Economic scholarship tends to operate in silos. That is, banking scholars don't talk to macroeconomists, etc. Sadly, this is even more so between finance, monetary and experimental economics. In his latest book, Rethinking Housing Bubbles, Nobel Prize winner Vernon Smith, the father of experimental economics, offers a number of lessons that could greatly improve the stability of our financial system.
Some of these include:
- Markets for perishable goods behave generally well and do not tend to display bubbles, whereas asset markets commonly display bubble behavior in experimental settings.
- Allowing margin buying (leverage) significantly increases bubble size and duration for inexperienced buyers, but not for experienced.
- Even sophisticated buyers, when inexperienced, display bubble behavior.
- Experience helps: repeated play in an experimental game brings price behavior closer to fundamentals.
- Informed "inside traders" can reduce size of bubbles.
- Presence of futures markets can stabilize prices in spot markets.
- Additional liquidity increases size and duration of bubbles.
- Bubbles can develop even when participants are fully informed as to operation of the market (they know with certainty future incomes streams and how the market functions).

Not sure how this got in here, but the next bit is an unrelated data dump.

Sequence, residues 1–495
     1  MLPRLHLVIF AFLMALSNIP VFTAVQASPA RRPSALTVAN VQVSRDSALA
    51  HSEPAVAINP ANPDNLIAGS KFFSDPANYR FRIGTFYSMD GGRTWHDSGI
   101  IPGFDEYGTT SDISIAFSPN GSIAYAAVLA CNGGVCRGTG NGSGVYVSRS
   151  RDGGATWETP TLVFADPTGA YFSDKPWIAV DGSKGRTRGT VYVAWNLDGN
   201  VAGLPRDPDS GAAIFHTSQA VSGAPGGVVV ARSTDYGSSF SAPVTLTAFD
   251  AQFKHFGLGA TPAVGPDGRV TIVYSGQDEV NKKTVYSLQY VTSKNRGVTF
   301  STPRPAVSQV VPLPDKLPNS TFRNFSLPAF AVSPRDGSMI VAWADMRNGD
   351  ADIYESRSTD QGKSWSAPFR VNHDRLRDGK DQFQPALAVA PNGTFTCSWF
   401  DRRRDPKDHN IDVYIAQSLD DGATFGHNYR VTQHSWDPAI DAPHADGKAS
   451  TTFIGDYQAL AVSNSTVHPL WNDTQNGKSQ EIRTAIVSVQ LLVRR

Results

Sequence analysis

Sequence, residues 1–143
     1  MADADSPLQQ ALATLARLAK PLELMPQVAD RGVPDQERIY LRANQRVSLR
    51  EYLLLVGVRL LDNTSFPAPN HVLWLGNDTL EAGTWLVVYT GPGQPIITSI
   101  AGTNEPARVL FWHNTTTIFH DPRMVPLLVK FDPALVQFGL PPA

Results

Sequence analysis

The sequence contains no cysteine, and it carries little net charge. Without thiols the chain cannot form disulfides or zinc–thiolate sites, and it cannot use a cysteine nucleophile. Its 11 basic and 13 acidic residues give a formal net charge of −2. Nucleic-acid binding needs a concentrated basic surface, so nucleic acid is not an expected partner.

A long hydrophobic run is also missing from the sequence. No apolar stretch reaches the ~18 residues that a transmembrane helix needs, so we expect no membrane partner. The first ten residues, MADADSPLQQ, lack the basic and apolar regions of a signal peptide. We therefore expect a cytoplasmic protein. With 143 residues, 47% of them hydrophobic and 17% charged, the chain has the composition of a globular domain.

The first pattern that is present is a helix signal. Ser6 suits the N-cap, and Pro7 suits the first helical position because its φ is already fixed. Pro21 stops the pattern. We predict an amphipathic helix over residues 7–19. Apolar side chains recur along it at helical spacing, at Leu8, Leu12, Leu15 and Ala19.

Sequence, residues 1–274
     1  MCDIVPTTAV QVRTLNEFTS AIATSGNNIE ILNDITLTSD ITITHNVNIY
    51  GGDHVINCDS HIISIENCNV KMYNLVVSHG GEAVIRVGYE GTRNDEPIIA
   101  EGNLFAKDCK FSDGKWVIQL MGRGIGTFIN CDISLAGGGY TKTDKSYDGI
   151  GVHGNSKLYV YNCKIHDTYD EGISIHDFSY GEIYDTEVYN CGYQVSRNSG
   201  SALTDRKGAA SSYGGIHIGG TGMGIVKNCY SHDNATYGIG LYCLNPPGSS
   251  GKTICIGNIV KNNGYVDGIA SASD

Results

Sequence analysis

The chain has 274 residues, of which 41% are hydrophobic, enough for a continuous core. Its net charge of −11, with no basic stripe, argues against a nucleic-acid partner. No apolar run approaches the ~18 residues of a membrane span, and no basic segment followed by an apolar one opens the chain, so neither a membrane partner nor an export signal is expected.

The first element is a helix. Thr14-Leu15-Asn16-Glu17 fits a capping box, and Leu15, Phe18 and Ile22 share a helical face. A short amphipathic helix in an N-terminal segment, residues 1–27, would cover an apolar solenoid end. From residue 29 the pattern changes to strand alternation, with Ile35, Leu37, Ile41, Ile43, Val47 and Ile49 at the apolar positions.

In terms of policy recommendations, the list above suggests a few things to me. First, policymakers should pay close attention to asset markets. Second, higher down-payments, particularly among first-time buyers, are likely to reduce housing bubbles. Policy should be tolerant of informed buyers, such as hedge funds, buying-up foreclosed homes.
Consumer disclosures, like Truth in Lending, are likely to be useless. Financial literacy should focus less on information and more on experience. Excess central bank liquidity is likely to contribute to asset bubbles.
Perhaps the biggest lesson is that bubbles in experimental asset markets are quite common, especially markets were buyers have little experience and engage in few transactions (sounds like the housing market).
We will touch upon some of these issues, and others, when Vernon Smith comes to Cato next week to discuss his new book. You can register (or watch streaming) here.